Jean-Pierre Dupuy, engineer, philosopher, and co-director of the Center for Research in Applied Epistemology of the Ecole Polytechnique, a member of ParisTech, sheds further light on the debate. In his book Libéralisme et justice sociale : Le sacrifice et l'envie (Liberalism and Social Justice: Sacrifice and Desire), Dupuy dissects liberal thought and reveals the inability of liberal theories to ponder social justice without getting caught up in contradictions. Economists advocate remedies for market organization without considering their paradoxical nature, thus going against Dupuy’s notion that “the market controls the panic.”
Henri Paulson himself has noted a similar paradox in On the Brink: Inside the Race to Stop the Collapse of the Global Financial System. "To protect liberal capitalism, I became the secretary of the Treasury to be eternally associated with an interventionist policy and a bank bailout," he concludes in his autobiographical account of the crisis.
Everyone agrees that the leaders of developed countries have failed to prevent the crisis. Governance, or rather the lack of governance of the financial industry is widely recognized as being responsible for the crisis. The conclusion is deceptively simple: "For a fresh start, we must first regulate the global financial system, and, second, establish a governing authority of globalization, which coordinates economic and monetary policies,” says Giraud.
"The notion of a super [International Monetary Fund] or ‘World Organization of Finance,’ which would regulate financial services and rebalance the excesses of globalization, is seductive," says Cheikh-Rouhou. "Such a structure could emerge from a new Bretton Woods agreement, organized by the G20, preferably before 2013. This agreement would acknowledge the fact that Brazil, China, India, and Gulf countries have their legitimate place alongside developed countries."
However, the international cooperation required for these two steps is far from given. "If the G7, G8, or G2 had been able to solve the problem, they would have done so already," observes the economist. "In 2007, France recommended the G20 as a body to deal with it, but to no avail so far.”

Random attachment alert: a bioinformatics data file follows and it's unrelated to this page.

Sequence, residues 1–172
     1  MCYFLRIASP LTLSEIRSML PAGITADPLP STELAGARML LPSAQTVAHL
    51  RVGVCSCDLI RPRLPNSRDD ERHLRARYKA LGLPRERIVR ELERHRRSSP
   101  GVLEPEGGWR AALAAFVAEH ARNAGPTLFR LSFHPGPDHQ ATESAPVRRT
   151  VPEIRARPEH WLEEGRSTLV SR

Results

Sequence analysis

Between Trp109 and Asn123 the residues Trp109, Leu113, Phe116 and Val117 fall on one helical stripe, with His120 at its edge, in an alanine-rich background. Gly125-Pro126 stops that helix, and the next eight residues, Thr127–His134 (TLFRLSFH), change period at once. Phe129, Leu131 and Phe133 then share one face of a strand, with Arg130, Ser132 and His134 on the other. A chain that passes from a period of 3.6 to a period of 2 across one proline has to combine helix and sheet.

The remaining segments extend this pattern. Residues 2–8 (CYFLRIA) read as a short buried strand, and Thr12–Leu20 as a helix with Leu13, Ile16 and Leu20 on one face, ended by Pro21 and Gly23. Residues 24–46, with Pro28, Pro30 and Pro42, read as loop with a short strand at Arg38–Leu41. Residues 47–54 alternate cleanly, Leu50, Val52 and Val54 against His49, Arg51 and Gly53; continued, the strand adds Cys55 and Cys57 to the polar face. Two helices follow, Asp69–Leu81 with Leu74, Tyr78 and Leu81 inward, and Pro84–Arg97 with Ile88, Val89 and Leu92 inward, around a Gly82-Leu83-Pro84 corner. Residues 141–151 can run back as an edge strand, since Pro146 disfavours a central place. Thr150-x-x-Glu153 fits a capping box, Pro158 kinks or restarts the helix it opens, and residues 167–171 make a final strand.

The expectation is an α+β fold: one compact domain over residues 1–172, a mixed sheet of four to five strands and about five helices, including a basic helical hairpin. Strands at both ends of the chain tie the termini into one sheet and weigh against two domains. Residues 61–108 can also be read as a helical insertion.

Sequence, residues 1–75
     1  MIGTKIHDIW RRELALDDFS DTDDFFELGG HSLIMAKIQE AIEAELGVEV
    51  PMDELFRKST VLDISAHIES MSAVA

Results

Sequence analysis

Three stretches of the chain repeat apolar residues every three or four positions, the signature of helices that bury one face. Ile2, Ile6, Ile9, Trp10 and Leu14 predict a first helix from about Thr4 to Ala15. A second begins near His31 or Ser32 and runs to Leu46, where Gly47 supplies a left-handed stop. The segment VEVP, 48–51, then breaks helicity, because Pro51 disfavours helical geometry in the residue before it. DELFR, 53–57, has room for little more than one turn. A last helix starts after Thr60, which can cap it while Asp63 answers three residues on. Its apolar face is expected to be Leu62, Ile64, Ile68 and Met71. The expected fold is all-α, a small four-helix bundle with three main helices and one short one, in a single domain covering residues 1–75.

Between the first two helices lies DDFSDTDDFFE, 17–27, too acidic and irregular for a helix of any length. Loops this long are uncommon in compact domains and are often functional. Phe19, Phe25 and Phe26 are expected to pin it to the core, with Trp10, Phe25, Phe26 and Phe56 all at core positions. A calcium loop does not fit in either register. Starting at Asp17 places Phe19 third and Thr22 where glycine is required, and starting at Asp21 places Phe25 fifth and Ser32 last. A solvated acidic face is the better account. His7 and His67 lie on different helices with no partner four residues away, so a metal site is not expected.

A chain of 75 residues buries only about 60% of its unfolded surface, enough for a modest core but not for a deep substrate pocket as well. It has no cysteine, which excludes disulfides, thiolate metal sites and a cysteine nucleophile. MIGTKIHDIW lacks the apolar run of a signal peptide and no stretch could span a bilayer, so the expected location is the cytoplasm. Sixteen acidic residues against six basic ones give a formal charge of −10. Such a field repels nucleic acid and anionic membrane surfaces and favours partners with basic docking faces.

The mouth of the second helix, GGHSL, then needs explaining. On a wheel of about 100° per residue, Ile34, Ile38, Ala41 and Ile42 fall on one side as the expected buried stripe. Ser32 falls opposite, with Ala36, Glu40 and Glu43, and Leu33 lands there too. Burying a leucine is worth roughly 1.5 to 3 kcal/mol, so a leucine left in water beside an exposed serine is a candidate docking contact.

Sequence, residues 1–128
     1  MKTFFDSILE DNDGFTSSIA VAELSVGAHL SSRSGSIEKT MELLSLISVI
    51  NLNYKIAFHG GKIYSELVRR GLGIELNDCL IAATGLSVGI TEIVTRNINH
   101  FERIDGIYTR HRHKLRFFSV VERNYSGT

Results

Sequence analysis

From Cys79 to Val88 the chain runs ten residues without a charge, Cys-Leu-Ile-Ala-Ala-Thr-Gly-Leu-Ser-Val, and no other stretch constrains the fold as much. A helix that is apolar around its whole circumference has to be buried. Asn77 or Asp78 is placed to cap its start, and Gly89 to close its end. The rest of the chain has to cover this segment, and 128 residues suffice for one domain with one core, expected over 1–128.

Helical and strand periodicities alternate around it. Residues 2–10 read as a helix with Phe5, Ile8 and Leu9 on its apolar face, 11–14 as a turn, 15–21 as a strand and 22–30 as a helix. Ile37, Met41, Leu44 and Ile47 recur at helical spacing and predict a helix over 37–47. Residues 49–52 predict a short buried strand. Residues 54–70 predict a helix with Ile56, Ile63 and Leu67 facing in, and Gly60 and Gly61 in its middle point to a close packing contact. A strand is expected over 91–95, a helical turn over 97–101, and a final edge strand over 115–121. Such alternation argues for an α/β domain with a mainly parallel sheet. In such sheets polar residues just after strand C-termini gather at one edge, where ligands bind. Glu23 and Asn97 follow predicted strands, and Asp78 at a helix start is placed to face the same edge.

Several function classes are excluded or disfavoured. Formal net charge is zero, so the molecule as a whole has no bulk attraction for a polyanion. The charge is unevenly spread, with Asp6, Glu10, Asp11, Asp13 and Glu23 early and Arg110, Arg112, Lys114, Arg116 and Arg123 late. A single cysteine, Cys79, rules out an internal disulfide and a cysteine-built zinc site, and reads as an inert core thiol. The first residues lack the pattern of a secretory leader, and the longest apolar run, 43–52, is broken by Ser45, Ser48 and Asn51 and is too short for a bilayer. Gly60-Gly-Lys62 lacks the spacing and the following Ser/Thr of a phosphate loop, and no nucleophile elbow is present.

Global negotiations, as demonstrated by the recent deliberations on climate, are very slow and trade-offs difficult. If developed countries (U.S., Japan, and the United Kingdom) impose restrictions on their marketplaces, they run the risk of letting Singapore becomes the world's leading financial center. They cannot afford such consequences: only a global decision is therefore conceivable.
In the face of such a predicament, the solution, according to Giraud, is the sustainable rebalancing of globalization. "The richest industrialized countries must escape the current model by focusing on high tech and luxury, and confine the rest of the active workforce to activities protected from international competition," says the professor. "China and India, whose levels of household consumption are insufficient, should emulate Japan and Europe of ‘The Glorious Thirty’ or Brazil of today and start Fordist growth. The poorest countries, particularly in Africa, must continue or start their industrialization.”
Others call for the higher valuation of work, by breaking from the dogma of free trade to protect the industrial base of developed countries. These people believe that competition with emerging countries is unfair and at odds with the new aspirations of sustainable development. Reform of the system on one side, ideological change on the other. One thing is certain: it is time for action.